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Imagine Learning Talks About the Common Core Standards

At Imagine Learning, we're quite familiar with the variety of opinions surrounding the Common Core State Standards (CCSS). Although our own programs are aligned with multiple state standards (and not just the CCSS), we know what most educators are thinking on the subject. Here, we share a few of our findings. What the Data Say In August of 2015 a nationwide PDK/Gallup poll revealed that a majority of respondents oppose the teaching of Common Core. Interestingly, black and Hispanic respondents showed a lower level of opposition, at just 35 and 50 percent respectively. In an earlier (2013) poll by PDK/Gallup, 72 percent of those polled indicated that they trust public school educators. But the same respondents also assume most educators oppose the CCSS, a view not aligned with the data. In reality, 75 percent of educators support CCSS standards.
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Math Teachers Who Undermine Math Fact Memorization

A guest post by Ben Harrison Developer of Big Brainz math-fact fluency software Imagine Learning now publishes monthly guest posts in order to stimulate conversations about K12 education across the country. Opinions expressed herein are those of the individual author(s) and may not necessarily reflect the official opinion of Imagine Learning. The following article was originally posted in February, 2015 on the Big Brainz Blog.   Every once in a while I encounter a savvy educator who is opposed to memorizing math facts--or at least he or she appears to be. Just today I saw a fearful article that exclaimed "memorization can inhibit fluency" and "memorization . . . can be damaging." Of course, educators are doing a wonderful job of championing number sense, comprehension, and problem-solving, but by attacking the vital skill of automaticity, they unwittingly undermine the very processes they intend to champion. From Where I Sit Before I go any further, let me jump to the punchline, because I know that if you're one of these educators, you're already getting ready to give me your very passionate point of view. So . . . if, as an educator, you have a negativity towards memorization, I would suggest that it's because you haven't seen it done well.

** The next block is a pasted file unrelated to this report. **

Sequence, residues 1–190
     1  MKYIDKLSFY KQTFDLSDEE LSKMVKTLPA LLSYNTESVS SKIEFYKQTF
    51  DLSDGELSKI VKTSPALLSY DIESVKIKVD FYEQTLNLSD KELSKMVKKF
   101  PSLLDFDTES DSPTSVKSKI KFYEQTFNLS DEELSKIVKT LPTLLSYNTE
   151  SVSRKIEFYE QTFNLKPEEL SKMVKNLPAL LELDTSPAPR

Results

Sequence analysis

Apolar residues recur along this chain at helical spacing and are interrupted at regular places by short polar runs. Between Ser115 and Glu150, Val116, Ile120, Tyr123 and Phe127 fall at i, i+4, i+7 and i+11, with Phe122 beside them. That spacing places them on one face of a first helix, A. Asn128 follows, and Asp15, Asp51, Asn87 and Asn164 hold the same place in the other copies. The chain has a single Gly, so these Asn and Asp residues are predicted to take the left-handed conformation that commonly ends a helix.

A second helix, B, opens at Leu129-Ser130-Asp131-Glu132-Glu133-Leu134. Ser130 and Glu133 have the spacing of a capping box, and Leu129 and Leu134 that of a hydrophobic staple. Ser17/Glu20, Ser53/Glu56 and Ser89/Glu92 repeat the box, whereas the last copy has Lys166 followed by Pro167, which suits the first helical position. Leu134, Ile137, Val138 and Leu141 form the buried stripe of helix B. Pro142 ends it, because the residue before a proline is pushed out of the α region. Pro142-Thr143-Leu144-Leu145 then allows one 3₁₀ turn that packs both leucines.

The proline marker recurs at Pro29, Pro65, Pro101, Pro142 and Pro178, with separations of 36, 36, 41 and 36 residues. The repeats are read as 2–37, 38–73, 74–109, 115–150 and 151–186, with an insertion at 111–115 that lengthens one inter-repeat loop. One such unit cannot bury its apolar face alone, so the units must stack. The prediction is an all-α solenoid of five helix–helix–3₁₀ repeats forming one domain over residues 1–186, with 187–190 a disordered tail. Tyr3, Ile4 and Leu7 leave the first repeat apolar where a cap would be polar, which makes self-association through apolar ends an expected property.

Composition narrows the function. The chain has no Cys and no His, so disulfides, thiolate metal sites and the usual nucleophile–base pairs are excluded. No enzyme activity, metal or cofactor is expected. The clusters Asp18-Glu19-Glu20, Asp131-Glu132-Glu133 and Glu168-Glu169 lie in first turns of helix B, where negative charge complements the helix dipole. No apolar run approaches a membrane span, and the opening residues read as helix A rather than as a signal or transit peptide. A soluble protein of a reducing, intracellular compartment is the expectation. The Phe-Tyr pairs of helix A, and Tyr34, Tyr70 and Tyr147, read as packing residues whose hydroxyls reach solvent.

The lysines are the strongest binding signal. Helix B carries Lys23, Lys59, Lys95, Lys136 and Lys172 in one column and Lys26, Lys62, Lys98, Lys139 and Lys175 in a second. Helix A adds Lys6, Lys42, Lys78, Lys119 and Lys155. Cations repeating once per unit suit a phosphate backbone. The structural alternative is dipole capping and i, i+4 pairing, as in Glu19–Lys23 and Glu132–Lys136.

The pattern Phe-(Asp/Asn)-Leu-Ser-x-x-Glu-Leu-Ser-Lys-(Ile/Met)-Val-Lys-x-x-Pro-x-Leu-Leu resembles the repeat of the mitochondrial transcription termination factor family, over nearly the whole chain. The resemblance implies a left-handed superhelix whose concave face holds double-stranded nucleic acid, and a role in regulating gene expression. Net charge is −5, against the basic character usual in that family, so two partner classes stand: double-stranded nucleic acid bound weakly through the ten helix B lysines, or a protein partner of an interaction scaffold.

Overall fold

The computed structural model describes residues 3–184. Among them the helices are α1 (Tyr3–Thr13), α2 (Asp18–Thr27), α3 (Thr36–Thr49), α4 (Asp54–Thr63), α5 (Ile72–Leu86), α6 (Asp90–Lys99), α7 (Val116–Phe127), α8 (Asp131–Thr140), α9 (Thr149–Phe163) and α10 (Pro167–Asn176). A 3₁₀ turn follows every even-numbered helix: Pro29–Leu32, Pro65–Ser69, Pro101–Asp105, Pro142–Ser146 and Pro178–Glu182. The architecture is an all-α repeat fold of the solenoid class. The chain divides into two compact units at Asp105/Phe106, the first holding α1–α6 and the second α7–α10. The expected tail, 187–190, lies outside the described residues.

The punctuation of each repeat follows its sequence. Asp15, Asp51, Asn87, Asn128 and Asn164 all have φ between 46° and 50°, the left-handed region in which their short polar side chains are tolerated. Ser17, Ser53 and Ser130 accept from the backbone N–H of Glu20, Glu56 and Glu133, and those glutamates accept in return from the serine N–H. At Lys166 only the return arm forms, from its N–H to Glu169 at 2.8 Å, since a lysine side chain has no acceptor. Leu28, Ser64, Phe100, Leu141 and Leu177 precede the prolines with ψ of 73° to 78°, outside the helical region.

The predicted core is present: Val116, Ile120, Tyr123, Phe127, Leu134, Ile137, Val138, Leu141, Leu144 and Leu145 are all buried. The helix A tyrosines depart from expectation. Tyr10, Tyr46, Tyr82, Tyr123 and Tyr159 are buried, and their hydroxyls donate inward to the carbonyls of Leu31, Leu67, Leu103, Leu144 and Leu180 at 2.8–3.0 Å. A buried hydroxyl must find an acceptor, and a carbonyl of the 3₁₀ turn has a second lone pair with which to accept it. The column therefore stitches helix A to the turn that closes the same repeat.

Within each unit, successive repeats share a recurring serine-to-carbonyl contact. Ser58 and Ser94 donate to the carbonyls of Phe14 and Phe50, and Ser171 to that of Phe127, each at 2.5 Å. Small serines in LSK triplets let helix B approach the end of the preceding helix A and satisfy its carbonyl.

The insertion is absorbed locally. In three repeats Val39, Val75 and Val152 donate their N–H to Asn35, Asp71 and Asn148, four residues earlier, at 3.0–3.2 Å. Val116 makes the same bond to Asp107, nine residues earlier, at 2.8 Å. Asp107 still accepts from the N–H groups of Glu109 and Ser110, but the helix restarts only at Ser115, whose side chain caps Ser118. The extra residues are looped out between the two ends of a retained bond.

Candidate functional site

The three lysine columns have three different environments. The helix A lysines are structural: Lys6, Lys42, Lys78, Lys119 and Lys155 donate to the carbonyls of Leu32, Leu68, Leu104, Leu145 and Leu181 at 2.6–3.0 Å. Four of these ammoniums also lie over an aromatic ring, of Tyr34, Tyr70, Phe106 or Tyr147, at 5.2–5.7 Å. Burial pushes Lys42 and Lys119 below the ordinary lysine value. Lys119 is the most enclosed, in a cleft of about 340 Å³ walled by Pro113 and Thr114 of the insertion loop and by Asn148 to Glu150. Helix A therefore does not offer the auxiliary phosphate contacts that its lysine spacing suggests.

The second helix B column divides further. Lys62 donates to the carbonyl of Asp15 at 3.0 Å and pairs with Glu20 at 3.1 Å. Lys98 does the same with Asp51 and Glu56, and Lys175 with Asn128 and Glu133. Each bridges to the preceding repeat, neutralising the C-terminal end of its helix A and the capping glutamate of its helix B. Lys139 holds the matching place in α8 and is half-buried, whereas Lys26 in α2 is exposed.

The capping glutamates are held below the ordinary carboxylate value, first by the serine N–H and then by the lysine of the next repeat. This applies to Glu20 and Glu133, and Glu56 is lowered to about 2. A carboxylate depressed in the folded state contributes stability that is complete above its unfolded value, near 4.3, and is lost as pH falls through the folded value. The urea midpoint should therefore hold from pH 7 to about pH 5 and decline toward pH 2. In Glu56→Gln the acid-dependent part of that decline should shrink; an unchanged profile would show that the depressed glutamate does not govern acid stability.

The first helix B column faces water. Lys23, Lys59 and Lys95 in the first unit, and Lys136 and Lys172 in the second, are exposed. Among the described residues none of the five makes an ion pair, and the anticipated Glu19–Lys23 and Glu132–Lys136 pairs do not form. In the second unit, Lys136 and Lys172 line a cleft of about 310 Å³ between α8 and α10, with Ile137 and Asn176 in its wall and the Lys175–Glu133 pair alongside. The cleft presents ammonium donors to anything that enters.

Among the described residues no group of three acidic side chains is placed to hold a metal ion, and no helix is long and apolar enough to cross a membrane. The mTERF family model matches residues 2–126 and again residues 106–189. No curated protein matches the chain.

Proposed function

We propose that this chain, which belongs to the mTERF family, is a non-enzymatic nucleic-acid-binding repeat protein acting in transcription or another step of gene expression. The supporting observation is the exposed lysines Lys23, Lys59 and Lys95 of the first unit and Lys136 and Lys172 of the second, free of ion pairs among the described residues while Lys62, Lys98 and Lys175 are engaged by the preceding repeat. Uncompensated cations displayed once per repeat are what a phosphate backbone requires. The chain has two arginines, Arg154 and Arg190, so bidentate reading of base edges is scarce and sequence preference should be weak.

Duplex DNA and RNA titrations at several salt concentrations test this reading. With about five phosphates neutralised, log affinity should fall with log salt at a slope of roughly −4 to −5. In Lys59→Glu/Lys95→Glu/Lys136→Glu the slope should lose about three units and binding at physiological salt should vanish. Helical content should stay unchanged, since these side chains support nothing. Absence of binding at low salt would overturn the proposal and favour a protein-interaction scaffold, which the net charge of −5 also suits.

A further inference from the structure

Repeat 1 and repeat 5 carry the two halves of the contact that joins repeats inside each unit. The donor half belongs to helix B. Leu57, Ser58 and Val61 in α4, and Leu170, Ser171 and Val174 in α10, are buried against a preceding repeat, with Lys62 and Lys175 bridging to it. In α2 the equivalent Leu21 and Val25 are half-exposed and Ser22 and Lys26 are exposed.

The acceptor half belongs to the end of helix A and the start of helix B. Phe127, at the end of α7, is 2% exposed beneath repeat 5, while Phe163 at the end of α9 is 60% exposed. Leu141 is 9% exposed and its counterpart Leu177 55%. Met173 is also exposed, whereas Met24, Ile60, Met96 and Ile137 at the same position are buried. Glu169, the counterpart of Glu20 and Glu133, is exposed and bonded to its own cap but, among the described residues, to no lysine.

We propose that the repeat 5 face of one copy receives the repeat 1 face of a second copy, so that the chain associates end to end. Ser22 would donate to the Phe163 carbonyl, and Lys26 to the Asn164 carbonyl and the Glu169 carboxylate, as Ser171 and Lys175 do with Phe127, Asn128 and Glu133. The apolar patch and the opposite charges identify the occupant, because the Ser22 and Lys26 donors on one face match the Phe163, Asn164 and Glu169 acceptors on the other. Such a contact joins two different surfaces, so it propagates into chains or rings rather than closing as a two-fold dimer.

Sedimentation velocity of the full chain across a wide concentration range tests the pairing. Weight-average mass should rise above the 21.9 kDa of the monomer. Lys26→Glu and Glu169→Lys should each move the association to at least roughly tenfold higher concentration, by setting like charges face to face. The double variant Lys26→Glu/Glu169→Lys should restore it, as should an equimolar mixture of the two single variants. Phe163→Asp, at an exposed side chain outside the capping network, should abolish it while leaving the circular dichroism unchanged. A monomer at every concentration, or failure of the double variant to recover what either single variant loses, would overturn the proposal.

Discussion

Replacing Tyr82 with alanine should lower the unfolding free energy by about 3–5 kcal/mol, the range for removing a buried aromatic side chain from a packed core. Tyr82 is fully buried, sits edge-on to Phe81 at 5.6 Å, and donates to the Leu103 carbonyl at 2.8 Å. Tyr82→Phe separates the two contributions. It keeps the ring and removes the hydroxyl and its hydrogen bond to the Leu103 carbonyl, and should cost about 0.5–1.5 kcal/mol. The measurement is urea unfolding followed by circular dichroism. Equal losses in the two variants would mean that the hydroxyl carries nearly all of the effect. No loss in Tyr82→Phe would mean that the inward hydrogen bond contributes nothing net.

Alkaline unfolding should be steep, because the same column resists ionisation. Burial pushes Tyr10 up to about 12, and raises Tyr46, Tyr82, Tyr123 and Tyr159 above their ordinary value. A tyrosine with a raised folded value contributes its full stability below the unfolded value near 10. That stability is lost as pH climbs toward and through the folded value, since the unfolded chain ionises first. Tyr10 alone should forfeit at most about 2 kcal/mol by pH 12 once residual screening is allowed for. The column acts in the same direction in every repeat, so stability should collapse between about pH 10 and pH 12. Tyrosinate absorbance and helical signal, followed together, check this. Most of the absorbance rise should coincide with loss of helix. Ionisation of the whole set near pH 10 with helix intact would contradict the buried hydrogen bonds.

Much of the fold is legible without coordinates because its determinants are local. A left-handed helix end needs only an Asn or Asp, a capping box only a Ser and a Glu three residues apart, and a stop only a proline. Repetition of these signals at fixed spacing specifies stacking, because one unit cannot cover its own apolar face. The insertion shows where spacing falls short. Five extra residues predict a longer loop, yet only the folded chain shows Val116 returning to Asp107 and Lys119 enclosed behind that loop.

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Language Acquisition and the Mathematics Classroom

A guest post by Linda Hardman President of Linda A. Hardman Consulting, Inc., teacher, and developer of multiple award-winning K12 math products Imagine Learning now publishes monthly guest posts in order to stimulate conversations about K12 education across the country. Opinions expressed herein are those of the individual author and may not necessarily reflect the official opinion of Imagine Learning.   According to the Institute of Education Sciences (IES), the percentage of English language learners (ELL) in US public schools grew in the 2012–2013 school year by 9.2 percent (i.e., 4.4 million students) compared to the prior school year. Additionally, a new Pew Research Center study reported that a near-record 13.9 percent of the US population today is foreign born, with 45 million immigrants residing here. A diverse group of young students Because of these trends, students are significantly challenged to master academic language across the US. The Common Core State Standards (CCSS) for mathematics are also placing high demands in mathematics regarding abstract and quantitative reasoning, constructing viable arguments and critiquing the reasoning of others, and looking for/expressing regularity in repeated reasoning. Students and educators are even more challenged with the acquisition of academic language as a tool for mastering conceptual and procedural understanding of mathematical standards and practices. As a result of the increasing amount of ELL students and the challenges presented by the CCSS for mathematics, it is important for students to acquire both academic language skills and mathematical fluency. Moreover, the same essential reading components and first-language supports provided in reading classes also belong in the mathematics classroom.
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